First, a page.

Elk and Bison Prairie Land Between the Lakes National Recreation Area
The name says it all: the Elk and Bison Prairie in Land Between the Lakes National Recreation Area is a place to see herds of elk and bison. While part of a much larger outdoor recreation destination, the Elk and Bison Prairie is one stop that every visitor should make. But the prairie is no zoo. Timing and planning are everything.
What is the Elk and Bison Prairie
The Elk and Bison Prairie is a 700-acre open space in the heart of Land Between the Lakes National Recreation Area. The prairie is representative of the wild grasslands that were once common across Kentucky. But by the mid-1970s, much of the natural landscape had been altered by settlers. Fortunately, a small patch of native grasses formed the foundation of what has become the Elk and Bison Prairie. Through years of meticulous stewardship and controlled burns, the Forest Service nurtured the prairie to a state much like what the people of the Shawnee Nation would have experienced before European settlers arrived. The prairie opened to the public in 1996. Today, visitors can access the prairie via a 3.5-mile loop road and see herds of elk and bison grazing on the grasses.
About the Bison
The Bison is the largest land animal in North America. They can weigh up to 2,800 pounds and grow to be six feet tall at the shoulder. Bison are grazing animals and spend most of their day eating grasses and other plants. They are very social animals and live in herds. Bison cows will stay with their mothers for life, but male bison will leave the herd when they are about two years old. The bulls will join a herd of cows during the breeding season.
While they are massive animals, bison are deceptively quick and agile. They can gallop as fast as 35 miles per hour. Bison herd near fresh grass, usually feeding early and late in the day. Making for the best opportunity to view these immense mammals.
Though few people think of herds of bison grazing the rolling hills of Kentucky, they once were plentiful in this state. Yet, the species was nearly wiped out by 1880. Thanks to public/private restoration efforts, there are now over 200,000 bison in North America. It’s far from the 60-70 million bison that once dominated the Great American Prairie. And makes the opportunity to see bison in natural herds a special treat.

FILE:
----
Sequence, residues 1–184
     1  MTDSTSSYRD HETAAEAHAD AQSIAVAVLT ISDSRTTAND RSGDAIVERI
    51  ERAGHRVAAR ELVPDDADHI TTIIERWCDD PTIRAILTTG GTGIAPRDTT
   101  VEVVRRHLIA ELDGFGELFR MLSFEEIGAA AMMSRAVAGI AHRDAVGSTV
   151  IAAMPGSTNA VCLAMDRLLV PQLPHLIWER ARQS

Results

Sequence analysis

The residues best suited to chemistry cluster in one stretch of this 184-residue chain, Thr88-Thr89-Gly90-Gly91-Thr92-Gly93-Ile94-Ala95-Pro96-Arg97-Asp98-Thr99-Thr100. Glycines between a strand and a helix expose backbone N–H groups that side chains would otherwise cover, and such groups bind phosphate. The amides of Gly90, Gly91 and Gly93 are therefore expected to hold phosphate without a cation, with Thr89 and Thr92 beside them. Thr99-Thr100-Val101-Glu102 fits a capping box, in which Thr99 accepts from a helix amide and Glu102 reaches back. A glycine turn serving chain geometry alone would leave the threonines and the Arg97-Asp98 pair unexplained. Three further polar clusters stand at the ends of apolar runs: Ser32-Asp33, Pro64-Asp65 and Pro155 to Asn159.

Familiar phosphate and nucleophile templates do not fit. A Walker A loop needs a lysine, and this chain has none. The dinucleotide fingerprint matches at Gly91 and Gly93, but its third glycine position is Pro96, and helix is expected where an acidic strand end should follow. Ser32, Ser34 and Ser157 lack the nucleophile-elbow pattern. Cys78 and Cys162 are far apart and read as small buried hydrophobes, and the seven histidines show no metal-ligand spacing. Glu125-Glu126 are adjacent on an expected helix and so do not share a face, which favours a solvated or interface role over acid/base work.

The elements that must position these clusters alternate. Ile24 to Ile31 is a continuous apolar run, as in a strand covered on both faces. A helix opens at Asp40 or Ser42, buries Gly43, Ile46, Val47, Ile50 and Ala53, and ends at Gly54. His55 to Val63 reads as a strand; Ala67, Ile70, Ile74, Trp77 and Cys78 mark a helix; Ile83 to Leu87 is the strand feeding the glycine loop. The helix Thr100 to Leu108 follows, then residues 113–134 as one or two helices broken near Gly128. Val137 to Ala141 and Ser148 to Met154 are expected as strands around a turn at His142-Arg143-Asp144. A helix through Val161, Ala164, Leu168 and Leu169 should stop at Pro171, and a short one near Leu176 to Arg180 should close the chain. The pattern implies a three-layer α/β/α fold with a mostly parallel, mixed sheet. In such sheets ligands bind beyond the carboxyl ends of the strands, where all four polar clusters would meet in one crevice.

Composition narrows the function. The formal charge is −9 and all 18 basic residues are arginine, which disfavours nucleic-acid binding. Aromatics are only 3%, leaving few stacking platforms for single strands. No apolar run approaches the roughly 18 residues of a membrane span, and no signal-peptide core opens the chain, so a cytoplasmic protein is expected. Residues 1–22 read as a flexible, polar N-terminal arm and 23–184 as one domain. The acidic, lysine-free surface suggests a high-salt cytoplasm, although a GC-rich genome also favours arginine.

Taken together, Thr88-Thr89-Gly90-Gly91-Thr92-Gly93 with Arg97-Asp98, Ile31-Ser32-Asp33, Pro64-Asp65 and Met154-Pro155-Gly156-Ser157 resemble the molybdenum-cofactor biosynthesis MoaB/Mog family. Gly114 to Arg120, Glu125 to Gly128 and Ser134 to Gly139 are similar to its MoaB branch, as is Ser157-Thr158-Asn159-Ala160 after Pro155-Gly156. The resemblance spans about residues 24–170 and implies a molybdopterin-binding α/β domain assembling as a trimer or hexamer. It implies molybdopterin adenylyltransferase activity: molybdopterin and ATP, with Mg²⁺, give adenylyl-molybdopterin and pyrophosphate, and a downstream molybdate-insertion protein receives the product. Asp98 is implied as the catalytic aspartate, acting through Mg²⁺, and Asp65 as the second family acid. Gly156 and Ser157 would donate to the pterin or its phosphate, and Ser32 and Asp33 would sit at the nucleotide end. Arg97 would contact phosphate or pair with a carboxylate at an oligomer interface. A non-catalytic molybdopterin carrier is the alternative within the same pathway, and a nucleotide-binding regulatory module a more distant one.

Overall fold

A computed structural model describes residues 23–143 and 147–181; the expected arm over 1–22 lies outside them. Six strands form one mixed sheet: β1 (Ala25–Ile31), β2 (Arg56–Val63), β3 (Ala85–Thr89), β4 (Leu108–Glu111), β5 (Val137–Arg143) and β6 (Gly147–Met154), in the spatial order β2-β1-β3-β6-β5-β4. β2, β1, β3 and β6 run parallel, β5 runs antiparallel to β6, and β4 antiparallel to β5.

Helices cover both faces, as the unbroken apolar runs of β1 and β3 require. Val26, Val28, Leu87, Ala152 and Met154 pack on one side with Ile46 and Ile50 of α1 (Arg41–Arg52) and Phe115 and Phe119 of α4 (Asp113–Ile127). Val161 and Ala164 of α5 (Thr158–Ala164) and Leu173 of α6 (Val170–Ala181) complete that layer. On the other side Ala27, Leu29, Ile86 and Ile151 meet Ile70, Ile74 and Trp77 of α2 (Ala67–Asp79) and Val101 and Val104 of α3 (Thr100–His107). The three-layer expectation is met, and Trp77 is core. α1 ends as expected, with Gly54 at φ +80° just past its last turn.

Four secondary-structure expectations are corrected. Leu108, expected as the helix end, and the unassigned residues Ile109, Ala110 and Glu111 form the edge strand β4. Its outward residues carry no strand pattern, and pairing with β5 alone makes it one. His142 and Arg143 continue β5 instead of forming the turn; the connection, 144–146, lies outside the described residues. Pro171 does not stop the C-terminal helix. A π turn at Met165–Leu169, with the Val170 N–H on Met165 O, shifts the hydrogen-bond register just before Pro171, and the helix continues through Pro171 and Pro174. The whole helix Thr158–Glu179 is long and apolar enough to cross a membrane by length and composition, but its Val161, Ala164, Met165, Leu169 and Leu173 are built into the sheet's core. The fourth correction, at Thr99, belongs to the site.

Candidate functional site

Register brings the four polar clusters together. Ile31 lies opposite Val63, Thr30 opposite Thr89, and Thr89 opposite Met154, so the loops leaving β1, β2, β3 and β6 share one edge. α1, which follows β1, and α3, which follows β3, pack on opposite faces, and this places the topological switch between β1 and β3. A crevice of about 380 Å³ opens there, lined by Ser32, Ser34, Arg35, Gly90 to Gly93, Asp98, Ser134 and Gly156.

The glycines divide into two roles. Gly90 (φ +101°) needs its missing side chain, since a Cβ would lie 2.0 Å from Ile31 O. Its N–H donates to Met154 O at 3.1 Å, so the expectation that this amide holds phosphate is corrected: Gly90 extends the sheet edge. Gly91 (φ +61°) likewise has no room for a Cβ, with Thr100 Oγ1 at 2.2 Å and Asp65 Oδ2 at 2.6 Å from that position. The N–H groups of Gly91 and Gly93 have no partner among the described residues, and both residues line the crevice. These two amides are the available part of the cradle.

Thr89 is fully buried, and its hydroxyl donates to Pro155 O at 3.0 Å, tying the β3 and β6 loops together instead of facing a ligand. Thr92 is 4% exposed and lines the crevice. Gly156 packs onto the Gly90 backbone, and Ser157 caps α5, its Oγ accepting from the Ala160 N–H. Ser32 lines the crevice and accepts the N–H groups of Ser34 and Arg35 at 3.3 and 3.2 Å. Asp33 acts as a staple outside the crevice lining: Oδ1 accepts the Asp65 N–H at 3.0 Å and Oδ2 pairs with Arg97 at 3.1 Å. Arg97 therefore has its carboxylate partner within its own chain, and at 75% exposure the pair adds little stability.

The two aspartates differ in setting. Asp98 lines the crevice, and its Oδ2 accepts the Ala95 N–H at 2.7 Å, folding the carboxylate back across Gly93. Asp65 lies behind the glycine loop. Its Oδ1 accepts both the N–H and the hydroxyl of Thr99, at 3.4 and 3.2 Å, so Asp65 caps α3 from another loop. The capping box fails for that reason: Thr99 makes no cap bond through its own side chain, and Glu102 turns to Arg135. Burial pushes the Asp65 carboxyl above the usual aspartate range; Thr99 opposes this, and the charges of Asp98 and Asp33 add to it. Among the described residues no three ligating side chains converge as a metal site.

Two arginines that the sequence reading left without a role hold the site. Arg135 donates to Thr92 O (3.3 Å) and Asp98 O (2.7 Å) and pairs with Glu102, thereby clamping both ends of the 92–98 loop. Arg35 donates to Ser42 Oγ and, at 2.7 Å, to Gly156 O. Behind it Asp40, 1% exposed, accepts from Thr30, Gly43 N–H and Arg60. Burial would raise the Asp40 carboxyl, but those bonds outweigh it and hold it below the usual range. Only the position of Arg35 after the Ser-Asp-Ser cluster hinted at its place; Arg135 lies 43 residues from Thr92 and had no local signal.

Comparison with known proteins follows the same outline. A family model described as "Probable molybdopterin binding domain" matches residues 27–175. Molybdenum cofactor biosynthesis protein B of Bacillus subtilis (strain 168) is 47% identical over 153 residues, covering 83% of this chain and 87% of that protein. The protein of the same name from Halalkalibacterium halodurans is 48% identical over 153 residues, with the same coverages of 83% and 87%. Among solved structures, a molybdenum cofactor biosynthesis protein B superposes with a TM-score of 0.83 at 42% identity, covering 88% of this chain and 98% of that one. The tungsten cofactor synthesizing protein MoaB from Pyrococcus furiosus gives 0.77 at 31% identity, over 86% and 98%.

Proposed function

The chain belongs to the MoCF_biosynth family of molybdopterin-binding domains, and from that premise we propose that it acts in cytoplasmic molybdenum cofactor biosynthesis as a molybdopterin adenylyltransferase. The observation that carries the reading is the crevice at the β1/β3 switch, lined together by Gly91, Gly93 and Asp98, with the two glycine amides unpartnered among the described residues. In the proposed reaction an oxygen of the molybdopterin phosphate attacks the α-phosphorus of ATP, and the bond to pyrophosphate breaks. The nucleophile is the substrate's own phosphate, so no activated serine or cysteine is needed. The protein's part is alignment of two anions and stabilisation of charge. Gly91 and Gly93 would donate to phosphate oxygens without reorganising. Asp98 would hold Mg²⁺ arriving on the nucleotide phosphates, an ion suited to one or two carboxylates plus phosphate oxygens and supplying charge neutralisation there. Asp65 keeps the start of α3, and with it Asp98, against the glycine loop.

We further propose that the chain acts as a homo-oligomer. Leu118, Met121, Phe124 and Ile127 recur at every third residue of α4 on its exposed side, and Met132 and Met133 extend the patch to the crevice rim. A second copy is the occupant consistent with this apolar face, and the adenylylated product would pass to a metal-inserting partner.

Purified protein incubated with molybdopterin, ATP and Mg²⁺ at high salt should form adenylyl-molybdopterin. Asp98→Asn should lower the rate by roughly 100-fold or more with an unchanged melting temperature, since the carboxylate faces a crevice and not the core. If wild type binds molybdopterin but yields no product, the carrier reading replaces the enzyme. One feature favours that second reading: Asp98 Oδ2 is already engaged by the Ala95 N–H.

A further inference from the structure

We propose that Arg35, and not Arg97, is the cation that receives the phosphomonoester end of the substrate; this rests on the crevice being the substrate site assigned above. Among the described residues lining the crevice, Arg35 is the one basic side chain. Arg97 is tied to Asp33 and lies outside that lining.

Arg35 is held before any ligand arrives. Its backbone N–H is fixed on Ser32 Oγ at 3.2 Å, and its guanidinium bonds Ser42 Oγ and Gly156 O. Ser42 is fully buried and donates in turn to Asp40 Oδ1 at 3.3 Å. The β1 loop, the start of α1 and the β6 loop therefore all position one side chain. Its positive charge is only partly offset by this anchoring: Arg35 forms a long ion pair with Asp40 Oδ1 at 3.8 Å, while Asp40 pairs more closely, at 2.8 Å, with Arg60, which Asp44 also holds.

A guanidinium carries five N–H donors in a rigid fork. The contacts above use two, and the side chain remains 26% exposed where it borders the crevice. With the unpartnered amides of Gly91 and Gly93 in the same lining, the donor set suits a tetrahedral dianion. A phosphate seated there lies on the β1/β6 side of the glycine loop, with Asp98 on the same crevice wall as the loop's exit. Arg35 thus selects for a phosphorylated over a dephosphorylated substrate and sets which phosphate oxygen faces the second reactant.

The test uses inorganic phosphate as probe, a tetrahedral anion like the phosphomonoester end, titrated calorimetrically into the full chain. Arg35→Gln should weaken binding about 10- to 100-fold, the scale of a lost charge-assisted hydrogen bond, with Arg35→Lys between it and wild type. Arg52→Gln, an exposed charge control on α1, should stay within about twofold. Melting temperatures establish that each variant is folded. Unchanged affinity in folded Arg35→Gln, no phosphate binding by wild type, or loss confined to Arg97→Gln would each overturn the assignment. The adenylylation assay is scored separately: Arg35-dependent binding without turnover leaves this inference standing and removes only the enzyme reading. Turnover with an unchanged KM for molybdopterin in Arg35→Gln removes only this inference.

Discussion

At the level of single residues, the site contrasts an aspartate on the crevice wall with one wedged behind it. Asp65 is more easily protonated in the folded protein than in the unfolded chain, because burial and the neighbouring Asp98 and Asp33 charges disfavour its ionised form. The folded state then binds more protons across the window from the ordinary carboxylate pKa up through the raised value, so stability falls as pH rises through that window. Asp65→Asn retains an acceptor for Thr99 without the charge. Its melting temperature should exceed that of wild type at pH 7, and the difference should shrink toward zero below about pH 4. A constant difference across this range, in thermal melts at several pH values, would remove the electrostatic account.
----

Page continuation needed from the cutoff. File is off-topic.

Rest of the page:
Did You Know
- Although often referred to as Buffalo, bison are only distantly related to true buffalo which are found in sub-Saharan Africa and southern Asia.
- The American Bison is one of two surviving species and the largest population today.
- The European Bison was extinct in the wild and is currently being reintroduced to its native habitat in Europe and the Caucasus
About the Elk
Elk can weigh over 1,000 pounds and stand nearly 5 feet tall at the shoulder. Making them the second largest members of the deer family, after the moose. Elk live in forests and meadows throughout North America, but you can reliably catch a peek of these magnificent animals at the Elk and Bison Prairie.
The elk of the Elk and Bison Prairie originated from Elk Island National Park in Alberta, Canada. Because caretakers frequently test the health of the elk herd, the Forest Service offers elk from the Prairie to other states for release into the wild.
Only bulls have antlers. They shed them each spring to grow a new pair. Antlers can grow up to one inch a day and weigh up to 40 pounds. Elk spend most of their day in cover and graze in late afternoon or evening.
Did You Know?
- Elk are the second largest member of the deer family behind the moose.
- Male elk are called bulls, females are called cows, and baby elk are called calves.